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Quotation of the Day…

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… is from page 454 of Armen Alchian’s May 1960 American Economic Review article, co-authored with William H. Meckling, “Incentives in the United States,” as this article is reprinted in volume 2 of The Collected Works of Armen A. Alchian (2006): But in trying to improve their lot individuals do more than merely adapt to given cost-reward relationships. They try to alter the schedule of prizes and costs to their own advantage. How? By changing the rules, especially through government. By pressing for advantageous legislative, administrative, or judicial action, individauls can and do use the power of government for personal gain. Thus economists describe the effects of reduced demand for an industry’s product in terms of a new equilibrium with lower prices and lower output. But in a

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… is from page 454 of Armen Alchian’s May 1960 American Economic Review article, co-authored with William H. Meckling, “Incentives in the United States,” as this article is reprinted in volume 2 of The Collected Works of Armen A. Alchian (2006):

Quotation of the Day…But in trying to improve their lot individuals do more than merely adapt to given cost-reward relationships. They try to alter the schedule of prizes and costs to their own advantage. How? By changing the rules, especially through government. By pressing for advantageous legislative, administrative, or judicial action, individauls can and do use the power of government for personal gain. Thus economists describe the effects of reduced demand for an industry’s product in terms of a new equilibrium with lower prices and lower output. But in a society where government can be summoned to the aid of distressed suppliers, that description is incomplete. For the industry may induce govern- ment to artificially maintain demand or subsidize losses.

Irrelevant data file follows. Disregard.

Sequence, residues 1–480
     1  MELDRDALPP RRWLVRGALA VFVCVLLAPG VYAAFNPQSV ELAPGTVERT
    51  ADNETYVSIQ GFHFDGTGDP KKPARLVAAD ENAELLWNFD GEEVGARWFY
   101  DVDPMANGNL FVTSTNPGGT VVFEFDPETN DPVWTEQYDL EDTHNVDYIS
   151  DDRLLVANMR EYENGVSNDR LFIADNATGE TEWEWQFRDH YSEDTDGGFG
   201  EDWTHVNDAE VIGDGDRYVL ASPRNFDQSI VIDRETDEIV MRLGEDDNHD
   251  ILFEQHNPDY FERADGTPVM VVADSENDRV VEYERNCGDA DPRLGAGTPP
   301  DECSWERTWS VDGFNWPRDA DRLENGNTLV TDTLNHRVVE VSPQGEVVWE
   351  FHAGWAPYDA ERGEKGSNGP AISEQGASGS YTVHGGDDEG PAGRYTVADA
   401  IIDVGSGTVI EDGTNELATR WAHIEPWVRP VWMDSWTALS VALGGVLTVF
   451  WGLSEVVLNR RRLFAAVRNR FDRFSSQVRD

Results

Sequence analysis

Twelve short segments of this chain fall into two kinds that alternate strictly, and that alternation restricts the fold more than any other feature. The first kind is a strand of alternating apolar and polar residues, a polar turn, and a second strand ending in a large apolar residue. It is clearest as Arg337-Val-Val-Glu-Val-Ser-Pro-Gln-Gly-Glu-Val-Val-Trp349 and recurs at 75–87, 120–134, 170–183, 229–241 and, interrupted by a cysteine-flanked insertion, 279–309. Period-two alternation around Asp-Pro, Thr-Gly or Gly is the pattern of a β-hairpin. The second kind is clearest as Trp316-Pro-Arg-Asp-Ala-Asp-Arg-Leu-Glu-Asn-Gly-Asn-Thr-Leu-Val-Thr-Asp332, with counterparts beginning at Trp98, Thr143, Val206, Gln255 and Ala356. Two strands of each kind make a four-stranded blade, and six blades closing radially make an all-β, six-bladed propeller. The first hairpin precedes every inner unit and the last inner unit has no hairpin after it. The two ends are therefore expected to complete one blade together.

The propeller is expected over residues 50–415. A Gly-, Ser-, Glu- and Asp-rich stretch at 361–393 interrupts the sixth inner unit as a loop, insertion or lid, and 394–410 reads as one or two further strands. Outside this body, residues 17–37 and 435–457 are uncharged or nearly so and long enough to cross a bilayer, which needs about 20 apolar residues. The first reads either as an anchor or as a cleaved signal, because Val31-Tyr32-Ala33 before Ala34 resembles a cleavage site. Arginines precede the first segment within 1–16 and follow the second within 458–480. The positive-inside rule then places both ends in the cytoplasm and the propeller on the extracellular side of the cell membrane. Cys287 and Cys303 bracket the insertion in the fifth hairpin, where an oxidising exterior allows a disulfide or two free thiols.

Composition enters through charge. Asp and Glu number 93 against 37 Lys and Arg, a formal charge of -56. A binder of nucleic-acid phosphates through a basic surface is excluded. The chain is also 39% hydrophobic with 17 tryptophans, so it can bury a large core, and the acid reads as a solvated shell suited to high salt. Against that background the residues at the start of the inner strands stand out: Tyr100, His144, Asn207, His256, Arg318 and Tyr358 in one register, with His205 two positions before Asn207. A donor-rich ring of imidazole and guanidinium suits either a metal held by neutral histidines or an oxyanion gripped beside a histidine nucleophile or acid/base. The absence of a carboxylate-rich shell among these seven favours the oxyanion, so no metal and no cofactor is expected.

DBx: The number of absurd excuses given for protectionist policies is practically countless. Yet among the most absurd is the one that proclaims that tariffs and other trade restrictions are often necessary to maintain the dignity of domestic workers who might otherwise lose their jobs because their fellow citizens choose to buy more imports.

What is never explained by people who attempt to justify trade restraints with this excuse is exactly how someone maintains his or her dignity by having fellow citizens coerced to purchase his or her outputs.

No one thinks that Joe’s dignity is enhanced if Joe himself uses a gun to rob Sue. How, then, can it be that Joe’s dignity is enhanced if, to acquire more of Sue’s money, Joe hires Sam to carry out on his behalf the actual act of robbery?

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Don Boudreaux
He is a professor of economics at George Mason University in Fairfax, Virginia. Previously, he was president of the Foundation for Economic Education.

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